Lost in the tenseness of the United States' 1-0 win over Iran Tuesday is what happened in the moments after the final whistle sounded.
American players embraced their opponents, both on the pitch and with support online, following the victory that sent the U.S. to the Round of 16 while sending the Iranians back home.
Antonee Robinson consoled fellow defensemen Abolfazl Jalali and Ramin Rezaeian, while Josh Sargent, DeAndre Yedlin and Timothy Weah knelt with Saeid Ezatolahi immediately after the game ended.
This transcended traditional post-game sportsmanship or the proverbial handshake. It looked like genuine human connections.
"I think the United States and Iran have had so many issues politically and I just wanted to show that we are all human beings and we all love each other," Weah said. "I just wanted to spread peace and love and show him we come from different backgrounds, we grew up differently. He is still my family, he is still my brother and I love him the same way as the guys I grew up with."
The Iranian team appeared to be under a lot of pressure at the World Cup as nationwide protests have rocked the country over the government's treatment of women, especially following the death of Mahsa Amini, a young woman who was arrested for allegedly wearing a hijab too loosely and who later died in police custody. The team voiced its support for the Iranian people before its match with England and then refused to sing their country's national anthem at the match.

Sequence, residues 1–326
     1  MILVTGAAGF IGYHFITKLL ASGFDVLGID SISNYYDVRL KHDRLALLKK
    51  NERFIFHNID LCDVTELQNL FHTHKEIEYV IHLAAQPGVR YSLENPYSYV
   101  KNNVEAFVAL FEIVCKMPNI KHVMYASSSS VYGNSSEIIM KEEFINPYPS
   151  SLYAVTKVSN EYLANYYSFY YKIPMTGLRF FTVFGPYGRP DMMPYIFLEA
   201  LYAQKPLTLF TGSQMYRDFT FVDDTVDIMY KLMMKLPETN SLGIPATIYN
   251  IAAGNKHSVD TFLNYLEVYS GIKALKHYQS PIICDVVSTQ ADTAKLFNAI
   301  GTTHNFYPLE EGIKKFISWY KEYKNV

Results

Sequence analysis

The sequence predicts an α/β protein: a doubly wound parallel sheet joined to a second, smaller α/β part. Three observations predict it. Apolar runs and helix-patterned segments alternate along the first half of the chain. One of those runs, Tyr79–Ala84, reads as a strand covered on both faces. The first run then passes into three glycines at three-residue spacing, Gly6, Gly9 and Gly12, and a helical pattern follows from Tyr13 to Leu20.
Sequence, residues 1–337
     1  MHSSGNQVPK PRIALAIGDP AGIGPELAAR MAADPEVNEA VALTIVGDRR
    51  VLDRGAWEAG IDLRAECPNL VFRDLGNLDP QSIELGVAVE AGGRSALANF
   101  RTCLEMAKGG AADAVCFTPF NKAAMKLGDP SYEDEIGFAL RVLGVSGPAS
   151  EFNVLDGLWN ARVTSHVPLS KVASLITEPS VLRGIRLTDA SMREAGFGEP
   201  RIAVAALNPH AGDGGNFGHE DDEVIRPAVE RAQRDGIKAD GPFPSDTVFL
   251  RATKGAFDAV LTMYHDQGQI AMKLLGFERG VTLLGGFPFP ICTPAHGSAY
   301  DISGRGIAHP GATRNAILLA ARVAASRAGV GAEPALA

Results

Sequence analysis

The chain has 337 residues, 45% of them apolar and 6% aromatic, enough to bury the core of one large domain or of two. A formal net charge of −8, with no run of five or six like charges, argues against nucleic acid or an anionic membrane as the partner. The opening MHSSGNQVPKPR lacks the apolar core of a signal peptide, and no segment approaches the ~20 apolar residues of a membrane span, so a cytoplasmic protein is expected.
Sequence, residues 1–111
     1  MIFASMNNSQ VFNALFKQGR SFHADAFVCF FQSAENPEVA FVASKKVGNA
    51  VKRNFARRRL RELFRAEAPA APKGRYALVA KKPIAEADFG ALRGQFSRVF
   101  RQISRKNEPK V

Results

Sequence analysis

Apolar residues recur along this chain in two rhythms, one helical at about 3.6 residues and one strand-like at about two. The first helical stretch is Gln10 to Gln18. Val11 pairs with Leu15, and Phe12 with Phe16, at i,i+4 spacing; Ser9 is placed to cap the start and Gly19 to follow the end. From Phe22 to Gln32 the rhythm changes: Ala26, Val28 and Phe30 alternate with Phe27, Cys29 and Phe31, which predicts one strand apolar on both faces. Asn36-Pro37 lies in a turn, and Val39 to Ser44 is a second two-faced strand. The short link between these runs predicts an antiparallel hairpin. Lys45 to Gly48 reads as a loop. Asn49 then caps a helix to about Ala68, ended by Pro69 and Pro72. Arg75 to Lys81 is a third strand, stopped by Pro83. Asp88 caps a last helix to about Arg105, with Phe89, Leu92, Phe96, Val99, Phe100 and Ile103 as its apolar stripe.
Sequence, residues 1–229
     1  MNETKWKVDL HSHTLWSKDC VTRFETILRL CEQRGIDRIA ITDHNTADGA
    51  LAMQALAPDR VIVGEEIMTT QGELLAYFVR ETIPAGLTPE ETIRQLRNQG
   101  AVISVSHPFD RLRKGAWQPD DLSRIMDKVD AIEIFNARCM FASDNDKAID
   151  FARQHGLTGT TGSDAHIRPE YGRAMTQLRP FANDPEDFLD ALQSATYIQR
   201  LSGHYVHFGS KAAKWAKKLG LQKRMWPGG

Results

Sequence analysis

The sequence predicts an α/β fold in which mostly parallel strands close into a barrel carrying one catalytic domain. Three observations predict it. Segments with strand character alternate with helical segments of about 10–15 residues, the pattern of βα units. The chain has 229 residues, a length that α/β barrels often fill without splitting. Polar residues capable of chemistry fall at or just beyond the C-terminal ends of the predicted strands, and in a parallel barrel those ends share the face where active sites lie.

Tensions rose even higher before the players even hit the field. U.S. Soccer faced backlash after it altered the Iranian flag in support of the protests in Iran, which led to and politically charged news conference for head coach Gregg Berhalter and midfielder Tyler Adams. Berhalter apologized for the alteration and said he “had no idea about what U.S. Soccer put out." Iran also reportedly threatened the families of Iranian players as well if they didn't "behave" against the U.S., according to CNN.
But when the game ended, the players just wanted to share a bit of humanity with each other.
"I just really feel for any team," Sargent told Fox Sports. " ... Everybody is human, obviously. We’ve all been working our asses off to get to this important point of our lives. This is the pinnacle of everybody’s career. I know it is not an easy situation when you lose."